Equality and Diversity

Since 2010, the Department of Physics has developed a portfolio of new and existing actions to improve the employment conditions and practice for all staff and students in line with the University of Oxford’s Equality and Diversity policy.

Good practice benefits everyone, but disproportionately benefits women. Physics has long been a male-dominated subject. To fulfill the department’s scientific mission, it is vital that we use the full potential of the population and redress that imbalance.

In recognition of our commitment, the department attained the Athena Swan Silver Award in April 2015, and retained this status in 2018 following our application for Gold Award which includes extensive documentation on our activities aimed at promoting and supporting equality and diversity within the department.

The department's submission for 2018 can be viewed here and the 2015 submission can be viewed here

The Athena SWAN actions fall under the remit of the department’s Equality and Diversity committee that consider all aspects of the departmental policy on this issue.

The new Athena SWAN principles that institutions must adopt within their policies, practices, action plans and culture include:

1. We commit to advancing gender equality in academia, in particular, addressing the loss of women across the career pipeline and the absence of women from senior academic, professional and support roles.

2. We commit to addressing unequal gender representation across academic disciplines and professional and support functions. We recognise disciplinary differences including:

The relative under representation of women in senior roles in arts, humanities, social sciences, business and law (AHSSBL)
The particularly high loss rate of women in science, technology, engineering, mathematics and medicine (STEMM)

3. We commit to tackling the gender pay gap.

4. We commit to removing the obstacles faced by women, in particular at major points of career development and progression including the transition from PhD into a sustainable academic career.

5. We commit to addressing the negative consequences of using short-term contracts for the retention and progression of staff in academia, particularly women.

6. We commit to tackling the discriminatory treatment often experienced by transgender people.

7. We acknowledge that advancing gender equality demands commitment and action from all levels of the organisation and in particular active leadership from those in senior roles.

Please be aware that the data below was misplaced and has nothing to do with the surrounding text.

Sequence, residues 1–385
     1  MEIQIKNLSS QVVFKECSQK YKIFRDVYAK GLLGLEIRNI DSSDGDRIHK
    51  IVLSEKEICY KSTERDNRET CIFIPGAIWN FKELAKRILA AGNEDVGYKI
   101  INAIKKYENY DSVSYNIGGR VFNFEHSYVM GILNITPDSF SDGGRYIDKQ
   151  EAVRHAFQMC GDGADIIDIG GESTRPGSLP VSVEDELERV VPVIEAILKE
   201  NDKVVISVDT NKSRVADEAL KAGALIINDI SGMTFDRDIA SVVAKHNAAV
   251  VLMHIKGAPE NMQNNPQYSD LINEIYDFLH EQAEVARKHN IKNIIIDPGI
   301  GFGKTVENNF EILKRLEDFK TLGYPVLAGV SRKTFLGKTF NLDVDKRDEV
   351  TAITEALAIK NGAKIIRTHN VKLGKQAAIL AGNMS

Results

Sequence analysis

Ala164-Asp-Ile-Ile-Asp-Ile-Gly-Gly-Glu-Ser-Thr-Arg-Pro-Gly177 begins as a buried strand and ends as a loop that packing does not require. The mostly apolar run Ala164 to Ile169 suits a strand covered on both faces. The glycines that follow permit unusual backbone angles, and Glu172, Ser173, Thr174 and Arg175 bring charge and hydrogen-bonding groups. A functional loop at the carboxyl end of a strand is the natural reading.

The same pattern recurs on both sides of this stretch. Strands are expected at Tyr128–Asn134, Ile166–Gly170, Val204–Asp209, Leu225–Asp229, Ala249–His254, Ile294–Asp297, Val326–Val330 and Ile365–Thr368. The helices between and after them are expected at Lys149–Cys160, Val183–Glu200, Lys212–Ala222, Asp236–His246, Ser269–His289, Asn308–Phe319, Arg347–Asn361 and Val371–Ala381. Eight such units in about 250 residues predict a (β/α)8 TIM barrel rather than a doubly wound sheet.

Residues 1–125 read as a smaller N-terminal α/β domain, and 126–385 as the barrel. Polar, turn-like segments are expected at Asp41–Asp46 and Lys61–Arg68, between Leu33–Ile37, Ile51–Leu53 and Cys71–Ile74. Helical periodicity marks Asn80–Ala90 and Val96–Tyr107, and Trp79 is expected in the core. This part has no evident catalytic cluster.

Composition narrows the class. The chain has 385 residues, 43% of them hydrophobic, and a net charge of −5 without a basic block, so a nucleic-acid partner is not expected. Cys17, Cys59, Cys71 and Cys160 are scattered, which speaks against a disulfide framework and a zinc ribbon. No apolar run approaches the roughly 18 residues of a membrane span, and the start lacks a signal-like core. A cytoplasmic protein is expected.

8. We commit to making and mainstreaming sustainable structural and cultural changes to advance gender equality, recognising that initiatives and actions that support individuals alone will not sufficiently advance equality.

9. All individuals have identities shaped by several different factors. We commit to considering the intersection of gender and other factors wherever possible.

10. All individuals have identities shaped by several different factors. We commit to considering the intersection of gender and other factors wherever possible.

Institute of Physics Juno Champion Status

In June 2016 the department was awarded the Institute of Physics Juno Champion Status in recognition of the excellent practice within the department to embed the Juno Principles:

1. A robust organisational framework to deliver equality of opportunity and reward
2. Appointment and selection processes and procedures that encourage men and women to apply for academic posts at all levels
3. Departmental structures and systems which support and encourage the career progression and promotion of all staff and enable men and women to progress and continue in their careers
4. Departmental organisation, structure, management arrangements and culture that are open, inclusive and transparent and encourage the participation of all staff
5. Flexible approaches and provisions that enable individuals, at all career and life stages, to optimise their contribution to their department, institution and to SET

More information on the Juno Principles can be found here on the IoP webiste

Group photo at the Conference of Undergraduate Women in Physics 2016